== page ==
He built on the river Sora (now Soar) a city and talent with which the principal characters 100—10=y+ă; 100—1=y+z; y=99-; Leir, but by the Saxons Leir-cester (i. e. Lei

which was called in the British tongue Kaerwere sustained. The tragedy is founded on historical fact ;

90=99—z +; 9=2–8: 54=5z; and finally cester). He had no male issue but only three and in the management of the plot the patri- 2=*=5 Geese : which does not solve the daughters, named Gonorilla, Regan and Corotick author takes occasion to vindicate the question, because we want whole Geese, and

deilla. He had a great affection for them all, character of the Czar from the unmerited cal. no fractions of them.

but particularly for the youngest, Cordeilla. umnies, which uninformed or prejudiced biog- Following up the suppositions of r=2, x=3, Finding himself growing old, he began to raphers have attached to his conduct towards x=4, we find results equally unsatisfactory. think of dividing his kingdom among them, his son. The story exceeds our limits, and is But if x=5, we have

and of marrying them to such husbands as already before the publick; we can only add, 100-50=y+; 100–5=y+z ; y=95m2; inight share the government with them ; but, that the many who wished success to the enterprise, (for such it may here be considered) finally z=54. It follows that y=41; and the 50=95—+; 45=z-270=5z; and that he might know which of them was worthy

of a larger share, he went to them one by one, have been gratified. solution stands :

that by questioning them he night discover FRENCHMEN can make bulls, as well as

5 Cows at $10 is


which had the greatest regard for him. Gon41 Sheep

orilla called heaven to witness, that she loved Irishmen. I find the following in the Cid of

41 and 54 Geese

her father better than her own soul. To Corneille, at agedy which French criticks con


whom her father replied, since you esteem my sider among the first of human productions.

100 in all,


old age in preference to your own life, I will Combien d'exploits celebres

marry you my dearest daughter to any youth Sont demearis 3. ins gloire au milieu des ténebres !


you shall choose, and will give you a third

part of Britain for a porlig!). Then Regan VENTRILOQUISM.

THERE is a square field, enclosed by a ihe second daughter, like her sister, endearRANNIE dead, and we know of no pre- fence 6 feet higli, and two inches thick. The ouring to wheedle him into kindness, answertender to his art. A Mr. Gough, has written number of cubick feet, in the fence, is equal to ed, with an oath, that she could not otherwise a pamphlet on the theory of sound, which may the number of square rods in the field. What express her sentiments than by declaring, that possibly explain Rannie's secret, so as to find is the number of square rods in the field? she loved him far above every other human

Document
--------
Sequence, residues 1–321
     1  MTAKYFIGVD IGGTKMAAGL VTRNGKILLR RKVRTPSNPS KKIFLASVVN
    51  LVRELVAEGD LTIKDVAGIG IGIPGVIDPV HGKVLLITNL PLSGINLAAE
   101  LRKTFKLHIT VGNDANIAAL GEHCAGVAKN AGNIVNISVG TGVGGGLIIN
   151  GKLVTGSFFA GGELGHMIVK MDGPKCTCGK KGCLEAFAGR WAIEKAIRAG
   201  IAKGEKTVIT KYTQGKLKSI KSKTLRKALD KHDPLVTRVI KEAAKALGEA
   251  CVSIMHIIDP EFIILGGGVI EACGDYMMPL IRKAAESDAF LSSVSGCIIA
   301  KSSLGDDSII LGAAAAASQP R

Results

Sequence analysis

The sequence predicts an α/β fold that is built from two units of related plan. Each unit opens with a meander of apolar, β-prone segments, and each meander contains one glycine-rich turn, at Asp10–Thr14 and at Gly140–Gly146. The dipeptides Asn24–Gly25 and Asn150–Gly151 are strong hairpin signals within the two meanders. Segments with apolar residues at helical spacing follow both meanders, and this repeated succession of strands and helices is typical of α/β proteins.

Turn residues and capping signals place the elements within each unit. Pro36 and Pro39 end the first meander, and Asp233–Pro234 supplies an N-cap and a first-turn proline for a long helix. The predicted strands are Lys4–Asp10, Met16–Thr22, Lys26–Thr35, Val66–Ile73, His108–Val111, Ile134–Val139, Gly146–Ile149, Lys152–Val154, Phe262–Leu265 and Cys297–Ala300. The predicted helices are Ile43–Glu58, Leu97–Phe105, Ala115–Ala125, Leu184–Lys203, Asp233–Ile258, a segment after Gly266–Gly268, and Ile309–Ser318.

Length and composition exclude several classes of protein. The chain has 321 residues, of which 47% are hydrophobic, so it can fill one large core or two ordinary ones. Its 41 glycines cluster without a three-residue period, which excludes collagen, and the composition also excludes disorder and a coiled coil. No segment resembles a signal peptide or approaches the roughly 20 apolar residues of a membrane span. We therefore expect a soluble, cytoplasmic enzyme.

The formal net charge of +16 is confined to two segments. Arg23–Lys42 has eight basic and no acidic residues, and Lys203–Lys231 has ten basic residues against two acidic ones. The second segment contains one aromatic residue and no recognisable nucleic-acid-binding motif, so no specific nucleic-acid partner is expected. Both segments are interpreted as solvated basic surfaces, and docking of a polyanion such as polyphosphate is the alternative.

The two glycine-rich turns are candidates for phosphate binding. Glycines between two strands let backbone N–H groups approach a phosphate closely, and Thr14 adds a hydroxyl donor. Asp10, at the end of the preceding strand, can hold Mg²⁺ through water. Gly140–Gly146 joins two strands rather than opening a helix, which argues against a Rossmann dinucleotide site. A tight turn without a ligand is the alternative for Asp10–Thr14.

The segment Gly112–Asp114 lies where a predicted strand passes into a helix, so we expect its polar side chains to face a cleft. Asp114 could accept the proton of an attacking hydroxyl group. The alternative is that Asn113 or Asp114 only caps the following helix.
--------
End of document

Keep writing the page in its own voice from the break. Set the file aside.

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being The credulcus old man then promised , he met with an honourable reception at first ; some other town, there to bathe and strengthHier the same honour as he had given to her but a year had scarcely passed, when a quar- en him, to clothe anew and take all possible elder sister, and to marry her with a like rel arose between their domesticks. Regan care of bim. A train of forty soldiers, well portion of a third part of the realm. But Cor-growing enraged, ordered all his servants to be chosen and well appointed, was then ordered deilla, the youngest, when she found that her dismissed, excepting five, who should still cori- to attend him ; and when all this was done, he father had been thus duped by the flattery oftinue to wait on him.

was to make King Aganippus and his daughher sisters, bad a mind to try him by another The poor old man now became exceedingly ter acquainted of his arrival. The messenger kind of answer. Is there anywhere, sir, said miserable, returned again to his eldest daugh, immediately returning, conducted Leir prishe, a daughter who will say that she loves ter, hoping to move her to compassion, and | vately to another place and kept him concealher father more than she ought to do? I be that he might still find an honourable re- ed there till every thing was done which Cor. lieve no such one would be found, unless she treat in her family. But she, without any deilla had commanded. wished to conceal the truth under professions mitigation of her former resentment, swore by Chap. XII.- Soon after, being clothed in in which she could not be in earnest. I have all the powers of Heaven that no abode should royal apparel, and nobly attended, he sent always loved you as a father, and always mean be there for him, unless, sending away the word to Aganippus and Cordeilla that he was to do so. In vain will you try to extort from rest, he would be satisfied with one soldier on-driven from the kingdom of Britain by his two me any other answer : this is the true state of ly ; severely she chid him, that, he being an sons in law, and that he was come over to my affection towards you ; I beseech you to old man, and in want of every thing, should them in hopes that, by their assistance, he ask me no more questions, so muc

as you

affect to be followed by a large and armed ret-might regain his country. They then, attend. have, so much are you worth, and so much I